BMW has bet considerable resources that the cost advantages of operating an electric car will outweigh the one big disadvantage — range.
The company’s i3, is one such bet that will mark its debut in Europe by the end of this year and in the United States later.
Executives hope the i3 will decisively persuade consumers to accept electric cars. “We are at the dawn of a new era,” Ian Robertson, BMW’s head of sales, told reporters on Monday.
The company has not yet revealed the price for the i3 or any of its options, but it is likely to be well under $40,000.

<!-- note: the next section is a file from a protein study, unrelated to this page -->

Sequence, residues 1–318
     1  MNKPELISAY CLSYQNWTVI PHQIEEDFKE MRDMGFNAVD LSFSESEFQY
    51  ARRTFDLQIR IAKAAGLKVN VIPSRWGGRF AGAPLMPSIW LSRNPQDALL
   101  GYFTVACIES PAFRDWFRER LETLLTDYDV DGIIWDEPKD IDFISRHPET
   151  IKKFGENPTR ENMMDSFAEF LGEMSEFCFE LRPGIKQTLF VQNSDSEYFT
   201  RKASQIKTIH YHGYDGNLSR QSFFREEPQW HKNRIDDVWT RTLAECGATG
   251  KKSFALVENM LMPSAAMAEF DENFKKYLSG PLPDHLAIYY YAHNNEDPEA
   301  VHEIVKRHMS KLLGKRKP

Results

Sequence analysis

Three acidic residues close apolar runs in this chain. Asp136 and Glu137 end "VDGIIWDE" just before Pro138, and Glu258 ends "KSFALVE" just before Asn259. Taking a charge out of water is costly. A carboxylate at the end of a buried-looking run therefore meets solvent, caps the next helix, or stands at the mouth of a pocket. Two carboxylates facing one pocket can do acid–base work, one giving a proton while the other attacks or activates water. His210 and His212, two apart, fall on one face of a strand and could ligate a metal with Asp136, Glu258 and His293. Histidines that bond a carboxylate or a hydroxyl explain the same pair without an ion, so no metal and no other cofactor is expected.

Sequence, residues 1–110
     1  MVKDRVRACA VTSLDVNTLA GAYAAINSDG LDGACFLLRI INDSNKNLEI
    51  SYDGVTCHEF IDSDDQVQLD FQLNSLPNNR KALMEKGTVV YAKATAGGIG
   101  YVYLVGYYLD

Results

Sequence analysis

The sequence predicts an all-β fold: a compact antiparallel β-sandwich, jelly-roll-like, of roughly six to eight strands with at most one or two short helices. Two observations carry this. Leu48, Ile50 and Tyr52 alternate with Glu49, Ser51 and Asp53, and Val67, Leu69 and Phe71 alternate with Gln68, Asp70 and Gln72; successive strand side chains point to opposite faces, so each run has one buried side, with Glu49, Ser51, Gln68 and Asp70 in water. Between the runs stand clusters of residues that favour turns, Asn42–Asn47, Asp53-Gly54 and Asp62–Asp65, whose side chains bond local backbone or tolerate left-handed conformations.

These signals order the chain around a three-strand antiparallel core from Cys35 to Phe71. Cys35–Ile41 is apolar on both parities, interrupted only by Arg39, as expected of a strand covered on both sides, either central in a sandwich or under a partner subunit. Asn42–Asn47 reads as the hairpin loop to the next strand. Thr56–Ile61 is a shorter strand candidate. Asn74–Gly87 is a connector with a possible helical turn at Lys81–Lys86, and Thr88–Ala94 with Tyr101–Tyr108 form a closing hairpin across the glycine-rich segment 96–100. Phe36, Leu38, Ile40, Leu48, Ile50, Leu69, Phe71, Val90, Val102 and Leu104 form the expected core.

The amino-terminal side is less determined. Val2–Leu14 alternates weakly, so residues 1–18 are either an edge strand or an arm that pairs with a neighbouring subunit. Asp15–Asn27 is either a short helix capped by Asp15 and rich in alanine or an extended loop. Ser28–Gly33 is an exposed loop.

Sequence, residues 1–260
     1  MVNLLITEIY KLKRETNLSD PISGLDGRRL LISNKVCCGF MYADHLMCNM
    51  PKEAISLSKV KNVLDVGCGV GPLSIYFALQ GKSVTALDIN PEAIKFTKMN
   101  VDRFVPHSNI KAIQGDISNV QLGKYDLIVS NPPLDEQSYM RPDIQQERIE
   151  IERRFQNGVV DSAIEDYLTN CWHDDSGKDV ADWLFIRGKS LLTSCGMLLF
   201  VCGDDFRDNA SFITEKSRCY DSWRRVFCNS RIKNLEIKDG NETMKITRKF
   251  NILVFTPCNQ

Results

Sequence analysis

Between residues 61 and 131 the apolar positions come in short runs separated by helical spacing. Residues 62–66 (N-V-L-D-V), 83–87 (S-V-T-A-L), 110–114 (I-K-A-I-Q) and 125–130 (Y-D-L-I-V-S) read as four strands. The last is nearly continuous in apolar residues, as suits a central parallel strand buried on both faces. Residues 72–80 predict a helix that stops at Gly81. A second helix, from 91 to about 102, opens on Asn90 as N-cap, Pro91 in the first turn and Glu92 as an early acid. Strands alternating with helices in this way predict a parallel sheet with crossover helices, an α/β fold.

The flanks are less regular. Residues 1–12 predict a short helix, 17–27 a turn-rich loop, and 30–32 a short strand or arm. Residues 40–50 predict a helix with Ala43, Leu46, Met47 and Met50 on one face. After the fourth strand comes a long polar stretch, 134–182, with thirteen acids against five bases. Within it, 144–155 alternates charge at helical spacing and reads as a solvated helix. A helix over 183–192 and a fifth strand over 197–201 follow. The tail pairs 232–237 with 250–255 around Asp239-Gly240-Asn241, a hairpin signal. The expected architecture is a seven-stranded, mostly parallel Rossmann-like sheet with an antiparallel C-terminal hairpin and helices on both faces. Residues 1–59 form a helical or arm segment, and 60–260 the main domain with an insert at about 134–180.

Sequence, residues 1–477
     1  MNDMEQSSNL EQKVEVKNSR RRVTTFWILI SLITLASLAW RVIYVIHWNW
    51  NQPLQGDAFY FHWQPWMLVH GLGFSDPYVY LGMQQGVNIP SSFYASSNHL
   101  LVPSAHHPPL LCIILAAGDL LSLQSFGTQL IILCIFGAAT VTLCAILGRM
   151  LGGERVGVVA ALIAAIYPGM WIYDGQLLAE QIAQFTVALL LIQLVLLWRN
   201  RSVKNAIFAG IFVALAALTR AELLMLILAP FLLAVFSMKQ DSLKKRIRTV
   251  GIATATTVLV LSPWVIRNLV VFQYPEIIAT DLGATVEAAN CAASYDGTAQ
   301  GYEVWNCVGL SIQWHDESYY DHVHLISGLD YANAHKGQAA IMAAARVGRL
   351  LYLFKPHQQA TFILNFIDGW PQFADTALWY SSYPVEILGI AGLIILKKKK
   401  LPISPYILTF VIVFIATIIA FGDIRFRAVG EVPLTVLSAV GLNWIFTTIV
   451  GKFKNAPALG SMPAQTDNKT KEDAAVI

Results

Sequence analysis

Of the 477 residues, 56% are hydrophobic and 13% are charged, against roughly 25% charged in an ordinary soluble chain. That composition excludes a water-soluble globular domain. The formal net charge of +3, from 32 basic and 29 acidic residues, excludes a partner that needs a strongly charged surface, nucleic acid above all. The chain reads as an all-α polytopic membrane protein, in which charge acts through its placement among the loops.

The i3 brings some cost advantages: it never needs an oil change and has a power recovery system, which slows the car automatically when the foot is taken off the accelerator.
True mass acceptance (for electric cars), Robertson said, will come when electric cars cost less than 10% more than a conventional vehicle and can travel at least 186 miles on a battery charge.
“Battery technology will develop more in the next five years than in the last 100 years,” he added.